As expected, the introduction of IE 7 will wreak havoc on those sites that utilize CSS hacks to serve up different styles to IE browsers. The IE development team is urging developers to clean up their hacks. They recommend the use of conditional comments, but I lean to using server-side code to detect and serve browser/platform-specific styles as needed. In PHP I use and heartily recommend phpSniff . Now I need to research some options in JSP…
Dave Shea has written a great post about his misunderstanding of when to use (or not use) tables in his post Too Far. For those of you unfamiliar with Dave, he has provided a wealth of information and tools to the Web community (in addition to the CSS Zen Garden, and his book, The Zen of CSS design, there are many posts on this site that point to entries on Mezzoblue). He has taught many in the community about good design, and proper use of CSS, but he made the same mistake that many of us have – taking dogma too far by eliminating the use of tables throughout the site. The freedom and power of Cascading Style Sheets introduced a loathing for tables-based design within the community, and many, myself included, eliminated tables from our sites as quickly as we could figure out how to create multi-column designs in CSS.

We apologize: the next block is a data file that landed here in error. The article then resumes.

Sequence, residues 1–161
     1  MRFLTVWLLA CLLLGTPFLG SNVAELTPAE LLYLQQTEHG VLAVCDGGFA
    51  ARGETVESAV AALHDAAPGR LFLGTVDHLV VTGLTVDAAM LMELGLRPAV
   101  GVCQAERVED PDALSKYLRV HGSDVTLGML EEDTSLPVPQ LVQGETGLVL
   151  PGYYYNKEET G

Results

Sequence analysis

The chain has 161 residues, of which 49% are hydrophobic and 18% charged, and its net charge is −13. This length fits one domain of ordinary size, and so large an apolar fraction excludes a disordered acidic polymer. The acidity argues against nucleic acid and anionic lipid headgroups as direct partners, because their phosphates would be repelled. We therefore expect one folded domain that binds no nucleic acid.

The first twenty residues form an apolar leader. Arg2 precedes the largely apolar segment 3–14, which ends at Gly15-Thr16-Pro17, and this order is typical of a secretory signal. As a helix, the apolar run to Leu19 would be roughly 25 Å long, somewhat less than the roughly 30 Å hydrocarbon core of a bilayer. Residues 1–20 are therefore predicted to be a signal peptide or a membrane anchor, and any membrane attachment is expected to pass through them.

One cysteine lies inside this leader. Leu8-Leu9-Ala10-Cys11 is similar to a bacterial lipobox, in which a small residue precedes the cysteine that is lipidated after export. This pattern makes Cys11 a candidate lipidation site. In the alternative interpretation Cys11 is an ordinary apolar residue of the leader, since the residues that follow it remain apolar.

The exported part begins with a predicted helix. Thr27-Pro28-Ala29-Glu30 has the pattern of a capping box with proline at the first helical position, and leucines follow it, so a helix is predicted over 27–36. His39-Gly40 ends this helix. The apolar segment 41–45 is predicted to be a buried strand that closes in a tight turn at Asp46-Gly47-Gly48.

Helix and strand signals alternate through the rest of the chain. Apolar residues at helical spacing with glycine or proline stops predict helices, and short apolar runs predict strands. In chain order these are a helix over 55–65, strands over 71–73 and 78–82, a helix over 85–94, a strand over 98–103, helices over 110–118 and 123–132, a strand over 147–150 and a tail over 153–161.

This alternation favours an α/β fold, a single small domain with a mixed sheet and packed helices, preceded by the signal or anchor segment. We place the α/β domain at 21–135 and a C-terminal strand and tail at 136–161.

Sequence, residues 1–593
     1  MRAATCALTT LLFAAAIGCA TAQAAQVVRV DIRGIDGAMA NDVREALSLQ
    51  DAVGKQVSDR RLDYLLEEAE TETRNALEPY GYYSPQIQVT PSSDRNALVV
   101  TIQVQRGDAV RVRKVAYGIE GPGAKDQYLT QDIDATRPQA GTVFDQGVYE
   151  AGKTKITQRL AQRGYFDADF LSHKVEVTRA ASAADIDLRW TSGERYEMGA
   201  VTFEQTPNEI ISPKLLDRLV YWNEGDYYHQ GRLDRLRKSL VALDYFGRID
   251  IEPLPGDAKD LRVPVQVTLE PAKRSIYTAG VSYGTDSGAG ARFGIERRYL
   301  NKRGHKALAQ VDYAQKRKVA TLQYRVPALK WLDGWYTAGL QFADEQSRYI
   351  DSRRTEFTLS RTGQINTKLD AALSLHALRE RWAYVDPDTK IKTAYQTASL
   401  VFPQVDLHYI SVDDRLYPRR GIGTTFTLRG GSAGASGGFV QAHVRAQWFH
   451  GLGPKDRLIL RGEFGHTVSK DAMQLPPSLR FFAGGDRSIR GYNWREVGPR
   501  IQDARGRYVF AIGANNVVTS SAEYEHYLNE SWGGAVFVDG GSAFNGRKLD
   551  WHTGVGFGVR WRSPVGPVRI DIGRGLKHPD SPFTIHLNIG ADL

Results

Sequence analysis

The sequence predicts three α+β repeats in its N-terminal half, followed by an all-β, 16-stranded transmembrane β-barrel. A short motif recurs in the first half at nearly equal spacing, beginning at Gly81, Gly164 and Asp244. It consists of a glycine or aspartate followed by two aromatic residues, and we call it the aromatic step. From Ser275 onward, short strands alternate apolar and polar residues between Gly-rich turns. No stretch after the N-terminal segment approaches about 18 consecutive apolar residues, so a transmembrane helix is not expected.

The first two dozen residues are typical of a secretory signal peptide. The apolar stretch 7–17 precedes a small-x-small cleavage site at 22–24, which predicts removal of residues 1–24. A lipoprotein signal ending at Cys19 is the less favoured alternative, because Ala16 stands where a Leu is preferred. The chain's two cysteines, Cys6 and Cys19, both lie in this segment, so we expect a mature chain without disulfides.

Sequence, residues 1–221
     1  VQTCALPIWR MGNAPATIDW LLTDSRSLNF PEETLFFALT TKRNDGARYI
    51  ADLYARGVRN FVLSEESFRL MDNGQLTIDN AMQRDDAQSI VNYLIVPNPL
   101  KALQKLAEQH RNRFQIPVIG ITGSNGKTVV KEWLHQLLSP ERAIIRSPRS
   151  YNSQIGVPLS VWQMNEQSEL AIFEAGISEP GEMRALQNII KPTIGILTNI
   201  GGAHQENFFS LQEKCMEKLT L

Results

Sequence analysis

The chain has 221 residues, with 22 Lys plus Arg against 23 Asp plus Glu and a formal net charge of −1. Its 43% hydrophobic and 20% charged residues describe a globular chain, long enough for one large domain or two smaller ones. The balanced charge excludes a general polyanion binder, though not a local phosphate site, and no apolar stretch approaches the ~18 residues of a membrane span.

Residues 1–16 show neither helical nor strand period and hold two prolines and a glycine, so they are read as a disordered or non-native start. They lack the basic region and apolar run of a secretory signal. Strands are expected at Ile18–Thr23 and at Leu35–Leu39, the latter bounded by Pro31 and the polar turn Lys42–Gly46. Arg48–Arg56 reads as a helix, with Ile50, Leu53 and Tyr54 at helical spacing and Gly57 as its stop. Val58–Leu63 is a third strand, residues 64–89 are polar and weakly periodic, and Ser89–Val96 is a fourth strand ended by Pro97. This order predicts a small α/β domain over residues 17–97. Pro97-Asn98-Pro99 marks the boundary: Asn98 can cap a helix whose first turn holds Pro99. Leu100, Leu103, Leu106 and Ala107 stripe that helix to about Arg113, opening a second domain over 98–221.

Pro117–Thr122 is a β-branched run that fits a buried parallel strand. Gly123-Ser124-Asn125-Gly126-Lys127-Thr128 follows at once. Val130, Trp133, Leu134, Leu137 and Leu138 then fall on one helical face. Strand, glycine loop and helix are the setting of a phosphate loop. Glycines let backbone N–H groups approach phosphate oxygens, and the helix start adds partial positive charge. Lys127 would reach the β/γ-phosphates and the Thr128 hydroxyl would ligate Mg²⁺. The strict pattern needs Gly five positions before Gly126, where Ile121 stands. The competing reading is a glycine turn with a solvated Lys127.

Like Dave, I hit a point a while back where I realized that I was attempting to use CSS, Divs, Lists and the like to present tabular data, instead of utilizing the semantically correct table tags. For me, it was one of those “Ah ha!” moments – tables are not bad, they are actually very useful, but like any tool, they can, and have been mis-used within our community. The backlash is understandable, but a sizable portion of the community has since realized that the pendulum swung too far, and are now doing it the right way. This is due in large part to the work of Dave and many others like him.
Juicy Studio: Abbreviations are a Breeze – A lengthy, and impressive post describing the differences and proper use of abbreviations and acronyms, with an eye toward correct markup.
Allowed nesting of elements in HTML 4 (and XHTML 1.0) is a very handy page for Web Developers. Hat tip to Jeff Croft